The cooling performance of any liquid is based on its capacity to source heat and the relationship between temperature and viscosity. Specific heat is also a key consideration for the selection of any cooling fluid. Water has the highest specific heat than any other common substance, however, it cannot be used alone on a motor/battery; therefore it is usually mixed with glycol to prevent it from freezing or boiling. This mixture was found to be better than petroleum-based oil, which is used in conventional vehicles, at retaining heat. Making sure lubricants used in electric vehicles have a high specific heat will help insulate the electric motor and maintain a constant temperature. The lubricant will efficiently generate heat and require more energy to increase the temperature, which is what is being avoided. So far, “nanofluids,” which are lubricants with nanoparticle additives, have shown promise for thermal cooling in EVs. Specifically, metal-oxide nanoparticles that are mixed with the base fluid and other nanoparticles such as silica and carbon nanotubes have improved resistance to wear while providing the desired thermal management properties.
The standard test method for the life of lubricating greases in ball bearings at elevated temperatures (ASTM D3336-20b) evaluates the ability of a grease to properly lubricate in a ball bearing while under light loads at high speeds and elevated temperatures for an extended period. A grease-lubricated SAE No. 204 ball bearing is rotated at 10,000 revolutions per minute (RPM) under light load at a specified elevated temperature. The test is continuously done until failure occurs or a specified number of hours of the running time is reached. This allows researchers to test whether or not certain greases will efficiently lubricate the system under high-temperature conditions that can occur in electric vehicles.
The components in the electric motor, such as coils, need to be protected from copper corrosion for the safety of the vehicle’s lifetime. Lubricating greases can serve as corrosion-resistant material by preventing contaminants from entering the contact surface. The standard test methods for the determination of corrosion-pre-ventative properties of lubricating greases under dynamic wet conditions (ASTM D6138) assesses a greases’ ability to prevent corrosion and rust when exposed to water. New, clean, and lubricated bearings are tested partially immersed in water, distilled, synthetic seawater, or sodium chloride solution, under no applied load at a speed of 83 RPM. Corrosion leads to the eventual decay of bearings through surface material being covered to oxides which compromises the longevity of the bearing. The need for high-quality grease should protect the bearing in an electric vehicle when subjected to humid and wet conditions.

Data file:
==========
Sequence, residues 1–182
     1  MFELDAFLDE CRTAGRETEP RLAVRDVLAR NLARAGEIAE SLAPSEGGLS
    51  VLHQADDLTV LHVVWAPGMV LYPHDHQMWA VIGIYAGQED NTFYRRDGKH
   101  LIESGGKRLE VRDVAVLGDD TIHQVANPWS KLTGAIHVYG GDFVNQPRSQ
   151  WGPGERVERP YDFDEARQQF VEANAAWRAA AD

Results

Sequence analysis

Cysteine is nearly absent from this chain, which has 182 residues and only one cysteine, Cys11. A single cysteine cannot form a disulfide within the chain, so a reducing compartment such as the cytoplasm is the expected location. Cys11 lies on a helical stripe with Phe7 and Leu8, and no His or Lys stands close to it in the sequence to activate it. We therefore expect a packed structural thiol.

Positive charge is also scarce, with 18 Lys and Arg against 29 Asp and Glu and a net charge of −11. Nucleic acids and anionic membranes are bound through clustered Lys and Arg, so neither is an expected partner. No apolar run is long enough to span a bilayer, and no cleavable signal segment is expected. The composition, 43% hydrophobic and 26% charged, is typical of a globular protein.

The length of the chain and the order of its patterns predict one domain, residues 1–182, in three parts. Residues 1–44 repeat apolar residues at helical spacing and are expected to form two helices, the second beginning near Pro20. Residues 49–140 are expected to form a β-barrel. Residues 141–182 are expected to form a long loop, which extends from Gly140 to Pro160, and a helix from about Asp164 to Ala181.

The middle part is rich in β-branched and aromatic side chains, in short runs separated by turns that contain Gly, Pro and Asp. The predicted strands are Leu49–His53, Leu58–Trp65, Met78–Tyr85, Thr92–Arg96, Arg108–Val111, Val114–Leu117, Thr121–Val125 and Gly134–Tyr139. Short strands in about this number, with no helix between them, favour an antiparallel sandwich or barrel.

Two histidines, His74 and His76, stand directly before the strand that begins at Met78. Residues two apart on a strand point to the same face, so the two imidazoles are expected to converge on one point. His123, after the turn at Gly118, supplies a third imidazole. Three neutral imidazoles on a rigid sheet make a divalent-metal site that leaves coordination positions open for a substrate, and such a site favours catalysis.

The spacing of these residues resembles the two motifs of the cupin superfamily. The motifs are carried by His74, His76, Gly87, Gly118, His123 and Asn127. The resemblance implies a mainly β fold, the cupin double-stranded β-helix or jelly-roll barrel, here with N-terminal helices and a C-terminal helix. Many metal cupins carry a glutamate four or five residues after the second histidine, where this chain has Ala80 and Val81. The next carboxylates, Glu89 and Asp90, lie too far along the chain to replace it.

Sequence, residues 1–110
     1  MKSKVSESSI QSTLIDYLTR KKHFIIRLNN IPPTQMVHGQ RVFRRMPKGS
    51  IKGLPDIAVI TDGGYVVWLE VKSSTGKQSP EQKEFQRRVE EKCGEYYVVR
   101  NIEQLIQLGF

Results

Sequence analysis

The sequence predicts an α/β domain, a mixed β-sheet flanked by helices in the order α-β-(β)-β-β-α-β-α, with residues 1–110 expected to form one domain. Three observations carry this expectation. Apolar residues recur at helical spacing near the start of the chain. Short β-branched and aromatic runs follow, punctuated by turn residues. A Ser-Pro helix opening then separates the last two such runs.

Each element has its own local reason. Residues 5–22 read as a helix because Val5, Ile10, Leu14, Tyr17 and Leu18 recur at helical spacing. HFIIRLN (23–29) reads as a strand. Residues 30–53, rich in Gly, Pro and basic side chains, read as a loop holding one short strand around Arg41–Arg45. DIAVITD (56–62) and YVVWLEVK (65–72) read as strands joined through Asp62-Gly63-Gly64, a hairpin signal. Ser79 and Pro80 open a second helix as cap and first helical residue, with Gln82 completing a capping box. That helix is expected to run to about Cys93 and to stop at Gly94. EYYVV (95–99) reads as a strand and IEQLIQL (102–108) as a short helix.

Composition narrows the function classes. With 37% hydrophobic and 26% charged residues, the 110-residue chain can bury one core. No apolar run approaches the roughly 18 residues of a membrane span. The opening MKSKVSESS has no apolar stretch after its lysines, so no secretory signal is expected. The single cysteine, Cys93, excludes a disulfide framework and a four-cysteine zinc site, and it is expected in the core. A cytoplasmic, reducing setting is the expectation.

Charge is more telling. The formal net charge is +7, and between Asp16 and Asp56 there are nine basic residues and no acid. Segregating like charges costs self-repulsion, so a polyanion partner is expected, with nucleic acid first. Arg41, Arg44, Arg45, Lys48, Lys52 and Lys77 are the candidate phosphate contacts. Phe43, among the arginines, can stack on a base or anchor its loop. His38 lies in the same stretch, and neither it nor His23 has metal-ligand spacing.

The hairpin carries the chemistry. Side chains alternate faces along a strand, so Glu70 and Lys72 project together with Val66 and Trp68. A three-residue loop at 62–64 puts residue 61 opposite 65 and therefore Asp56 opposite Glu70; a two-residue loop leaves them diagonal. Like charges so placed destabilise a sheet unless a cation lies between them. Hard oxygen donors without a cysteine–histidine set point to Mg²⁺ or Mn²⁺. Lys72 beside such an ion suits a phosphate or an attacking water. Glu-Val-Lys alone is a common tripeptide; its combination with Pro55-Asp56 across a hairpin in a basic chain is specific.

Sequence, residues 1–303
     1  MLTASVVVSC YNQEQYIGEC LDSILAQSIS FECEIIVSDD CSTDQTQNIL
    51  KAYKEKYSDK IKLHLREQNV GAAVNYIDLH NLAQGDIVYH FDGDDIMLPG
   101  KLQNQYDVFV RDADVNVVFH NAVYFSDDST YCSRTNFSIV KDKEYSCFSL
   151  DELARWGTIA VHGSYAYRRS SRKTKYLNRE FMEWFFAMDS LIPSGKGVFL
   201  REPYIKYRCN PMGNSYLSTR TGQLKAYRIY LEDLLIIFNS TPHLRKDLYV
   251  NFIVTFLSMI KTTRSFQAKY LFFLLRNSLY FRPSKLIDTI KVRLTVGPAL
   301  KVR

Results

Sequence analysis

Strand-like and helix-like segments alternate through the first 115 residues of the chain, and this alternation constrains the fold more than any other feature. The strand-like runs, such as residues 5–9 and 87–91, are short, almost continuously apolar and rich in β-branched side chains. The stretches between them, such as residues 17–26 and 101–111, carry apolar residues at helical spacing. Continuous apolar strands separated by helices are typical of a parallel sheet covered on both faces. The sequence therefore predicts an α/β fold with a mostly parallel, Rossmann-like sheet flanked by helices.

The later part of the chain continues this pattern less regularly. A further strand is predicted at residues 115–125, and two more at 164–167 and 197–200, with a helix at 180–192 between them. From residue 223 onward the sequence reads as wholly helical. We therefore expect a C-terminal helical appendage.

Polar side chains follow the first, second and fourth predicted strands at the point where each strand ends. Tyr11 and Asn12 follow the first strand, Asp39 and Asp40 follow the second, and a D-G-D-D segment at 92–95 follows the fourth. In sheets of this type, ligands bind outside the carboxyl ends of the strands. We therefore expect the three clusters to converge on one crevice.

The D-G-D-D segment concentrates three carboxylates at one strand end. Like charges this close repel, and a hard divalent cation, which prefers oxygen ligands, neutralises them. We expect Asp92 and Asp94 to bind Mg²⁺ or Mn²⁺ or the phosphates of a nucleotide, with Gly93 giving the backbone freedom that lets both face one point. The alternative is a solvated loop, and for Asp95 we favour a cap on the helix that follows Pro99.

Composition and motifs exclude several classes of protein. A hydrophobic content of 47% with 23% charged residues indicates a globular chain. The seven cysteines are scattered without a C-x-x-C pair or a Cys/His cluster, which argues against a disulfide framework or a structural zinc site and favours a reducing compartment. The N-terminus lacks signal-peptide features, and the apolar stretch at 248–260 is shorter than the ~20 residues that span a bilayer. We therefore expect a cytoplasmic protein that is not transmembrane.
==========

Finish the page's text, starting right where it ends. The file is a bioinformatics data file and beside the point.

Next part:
It is difficult to predict exactly what will happen with the future market for electric vehicle greases. On one hand, EVs will use more grease than an ICE vehicle due to the lubrication of more components; at the same time, manufacturers have preferred bearings which are filled-for-life. There has also been a shift away from using lithium greases because of the increased demand for lithium-ion batteries, due to their high energy density. By 2030, it is expected that the number of light vehicles will rise to about 1.6 billion, with an estimated 18% of that being taken up by electric vehicles. With increased production of EVs, the demand for lithi-um hydroxide will continue to increase as well. Although the demand will significantly increase by 2030, this demand will still use less than 1% of lithium reserves worldwide. Therefore, it is clear that lithium reserves are not the problem but pressure will be placed on lithium manufacturers over how quickly and efficiently they can carry out this process. Current production practices for lithium hydroxide are not efficient. This is one of the reasons why the cost of producing lithium grease has increased by 13% in just one year. There is additional concern that the production of lithium will not be able to keep up with demand, especially with demand rising due to demand for EV batteries.
As of now, almost one-third of lubricant demand comes from light vehicles, consisting mostly of engine oils, which raises questions on how that will change with EVs steadily gaining market share. To date, the world consumes about 39 million metric tons of lubricants per year, with an estimated value of roughly USD146 billion. Lubricant manufacturers need to take into consideration how the market may completely flip, taking into account proposed legislation, public opinion, and consumer needs. For the past two decades, lubricant formulators have been focusing on improving fuel efficiency within internal combustion engines, but still requiring about 40 different types of lubricating products for the vehicle to operate. On the other hand, electric vehicles may require fewer types of fluids, but the new challenge of finding a way to efficiently lubricate an e-motor while simultaneously safeguarding the power electronics in the system needs to be studied carefully.